Most South Africans with an appetite for travel will visit Thailand at least once in their lifetime. It’s affordable, exotic, and we don’t need a visa to cross the border. And when we visit Thailand, we tend to tick off a list of “Thailand must-do’s”: beaches, buckets of vodka Red Bull and bar crawls. But there’s so much more to Thailand than suntans and massages! Look up North towards the mountains that border Myanmar and Laos, and you’ll find breathtaking temples, welcoming hill tribes and a side to Thailand that begs to be explored.
Northern Thailand offers wild adventures for adrenaline junkies and a rich cultural tapestry for the slow traveller. When you’ve had enough of the beach and you’re all bar-hopped out, the North is the perfect antidote. From waterfalls and jungle trails to village homestays and temple visits, when it comes to the North, the choice is really yours.
Temples, Thai smiles and A Taste of Local Culture
I only spent a few days exploring Chiang Rai, but what I saw has given me a taste for the North. Here are some of the best things to do and see in Chiang Rai in Northern Thailand.
Where To Stay in Chiang Rai
I stayed at the The Riverie by Katathani, which is located right on the river, with amazing views of the surrounding mountains. Their rooftop bar is absolutely stunning at sunset, and their restaurant offers sensational fine dining, complete with live piano. Thai hospitality is world famous, and it’s easy to see why. From the warm welcome to the spacious rooms to the over-the-top breakfast, my stay was 10/10.
The Best Things To Do and See in Northern Thailand
1 Mae Fah Luang Art & Cultural Park
The park houses what is most likely the finest collection folk art and teak artefacts from the Lanna Kingdom in meticulously manicured grounds. Rising from the centre is the Golden Pavilion (Haw Kham), a temple-like royal residence built in 1984 from the materials of 32 Thai wooden houses and presented to the Princess Mother on her 84th birthday. The park is quiet and calm and worth a morning visit.
2 Wat Rong Suea Ten | The Blue Temple
The Blue Temple is an important religious place within the North and is very popular with both tourists and locals. The dramatic architecture and stunning shades of blues and golds on the outside compliment the countless beautiful artworks within the temple. It’s particularly beautiful at sunset, when the awe-inspiring temple is rivalled by the colourful sky.
3 Akha Hill Tribe Village
The Akha are a tribe who live in the mountains of Northern Thailand and the neighbouring Laos and Myanmar. Originally from China and Tibet, the people of the Hloyo Community have created a self-sustainable lifestyle, growing their own food and even coffee, and opened up their village to visitors from around the world. Their village leader, Johann (he’s Thai, but he was named Johan after a group of German Christians set up a church in the area), is passionate about continuing their traditional way of life. He has recently opened up a guest house, the Akha Mud House Mae Salong. Guests can learn about the Akha way of life, cook with Johann and hid family and sleep in the ingenious cottages he designed himself, which open up to allow you to sleep under the stars.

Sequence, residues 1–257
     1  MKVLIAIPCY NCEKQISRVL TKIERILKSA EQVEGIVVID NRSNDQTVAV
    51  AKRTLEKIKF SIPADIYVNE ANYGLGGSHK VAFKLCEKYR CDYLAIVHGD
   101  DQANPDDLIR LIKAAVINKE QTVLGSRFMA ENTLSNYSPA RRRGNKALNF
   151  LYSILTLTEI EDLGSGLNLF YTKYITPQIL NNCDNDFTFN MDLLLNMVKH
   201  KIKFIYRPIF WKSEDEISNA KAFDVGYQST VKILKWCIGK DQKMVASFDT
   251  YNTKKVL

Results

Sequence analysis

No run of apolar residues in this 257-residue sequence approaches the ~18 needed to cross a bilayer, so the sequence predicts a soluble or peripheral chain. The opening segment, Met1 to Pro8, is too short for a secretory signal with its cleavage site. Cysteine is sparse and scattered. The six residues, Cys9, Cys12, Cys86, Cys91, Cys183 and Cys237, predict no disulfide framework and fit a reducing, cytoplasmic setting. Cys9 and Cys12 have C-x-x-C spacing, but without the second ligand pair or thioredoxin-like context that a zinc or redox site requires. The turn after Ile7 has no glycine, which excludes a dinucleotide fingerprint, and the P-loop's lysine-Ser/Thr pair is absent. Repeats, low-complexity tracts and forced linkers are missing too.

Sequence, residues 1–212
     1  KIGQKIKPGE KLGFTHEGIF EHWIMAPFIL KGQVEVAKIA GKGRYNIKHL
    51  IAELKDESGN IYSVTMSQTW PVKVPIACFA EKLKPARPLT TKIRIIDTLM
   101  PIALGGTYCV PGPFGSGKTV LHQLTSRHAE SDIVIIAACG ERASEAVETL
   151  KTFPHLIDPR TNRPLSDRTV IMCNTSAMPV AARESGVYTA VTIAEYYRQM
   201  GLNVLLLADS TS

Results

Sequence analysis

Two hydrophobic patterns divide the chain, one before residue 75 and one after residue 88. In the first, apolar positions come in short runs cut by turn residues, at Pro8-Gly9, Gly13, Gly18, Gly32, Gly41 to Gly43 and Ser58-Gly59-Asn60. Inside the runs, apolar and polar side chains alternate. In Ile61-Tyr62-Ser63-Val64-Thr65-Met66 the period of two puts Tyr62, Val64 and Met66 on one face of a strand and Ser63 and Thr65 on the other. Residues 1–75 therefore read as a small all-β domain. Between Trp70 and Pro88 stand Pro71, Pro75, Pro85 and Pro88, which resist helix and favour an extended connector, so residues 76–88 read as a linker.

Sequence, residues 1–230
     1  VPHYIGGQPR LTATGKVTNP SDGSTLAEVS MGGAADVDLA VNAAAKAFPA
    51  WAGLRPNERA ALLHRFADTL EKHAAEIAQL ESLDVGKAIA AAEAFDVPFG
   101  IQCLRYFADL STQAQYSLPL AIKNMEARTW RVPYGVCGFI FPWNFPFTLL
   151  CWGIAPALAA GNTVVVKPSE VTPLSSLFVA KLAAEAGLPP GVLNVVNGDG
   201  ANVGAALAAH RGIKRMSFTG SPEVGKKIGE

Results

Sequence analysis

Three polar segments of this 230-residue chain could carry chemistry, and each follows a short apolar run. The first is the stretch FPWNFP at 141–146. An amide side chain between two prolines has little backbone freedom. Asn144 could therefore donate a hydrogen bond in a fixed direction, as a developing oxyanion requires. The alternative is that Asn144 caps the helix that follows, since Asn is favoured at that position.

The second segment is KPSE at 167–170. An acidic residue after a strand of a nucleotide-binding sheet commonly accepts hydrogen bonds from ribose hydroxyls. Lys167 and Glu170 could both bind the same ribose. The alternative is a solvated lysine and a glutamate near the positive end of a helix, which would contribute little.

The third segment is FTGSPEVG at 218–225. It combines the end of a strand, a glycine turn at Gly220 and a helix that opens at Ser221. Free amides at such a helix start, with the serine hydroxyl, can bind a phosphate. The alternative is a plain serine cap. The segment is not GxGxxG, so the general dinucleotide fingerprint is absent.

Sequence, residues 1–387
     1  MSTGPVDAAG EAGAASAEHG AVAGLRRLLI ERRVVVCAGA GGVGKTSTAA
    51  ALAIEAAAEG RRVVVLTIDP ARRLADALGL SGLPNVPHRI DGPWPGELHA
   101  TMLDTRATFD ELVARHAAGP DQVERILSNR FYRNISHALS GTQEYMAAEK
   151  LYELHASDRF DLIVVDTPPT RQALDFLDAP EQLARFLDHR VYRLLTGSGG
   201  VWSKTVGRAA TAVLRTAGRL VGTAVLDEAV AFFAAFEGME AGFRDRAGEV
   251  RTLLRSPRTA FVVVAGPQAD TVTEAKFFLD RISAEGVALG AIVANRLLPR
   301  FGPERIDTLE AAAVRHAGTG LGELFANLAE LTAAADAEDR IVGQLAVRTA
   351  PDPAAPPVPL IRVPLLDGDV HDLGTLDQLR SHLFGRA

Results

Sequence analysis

The Akha Mud House Mae Salong is listed on Booking.com. Rooms are fully equipped with en-suite bathrooms, mosquito nets and even hairdryers. Your stay includes an Asian breakfast with seasonal fruits is available every morning.
4 Boat Ride Along the Kok River
A longtail boat ride down the Kok River winds past small villages and beautiful landscapes. It’s beautiful in the afternoon, when the sun sets behind the mountain ranges in the distance, and droplets of water shine with the golden lights of the setting sun as local fishermen throw their nets into the air.
5 Wat Rong Khun | The White Temple
Wat Rong Khun is known as one of the most beautiful temples in Thailand. The whole building is crystal white, with unbelievably detailed facades. The temple has become one of the most famous and most popular in temples Chiang Rai, so it’s best to arrive early or visit toward the end of the rainy season.
I visited Northern Thailand at the end of September, which is toward the very end of monsoon season. The region is cool and quiet at this time of year, and it’s easy to find cheap flights and accommodation deals as this is considered “low season”. There is loads more to see and do in Chiang Rai, so feel free to use my tips as a starting point for your own trip.
If you’re travelling by yourself, the easiest way to get around, see the hidden gems and learn about local culture is by travelling with a tour guide. I was extremely grateful to be travelling with a Arunee, a female guide from Absolutely Fantastic Holidays, who happened to take an excellent picture!
*My trip to Thailand was hosted by Tourism Authority of Thailand.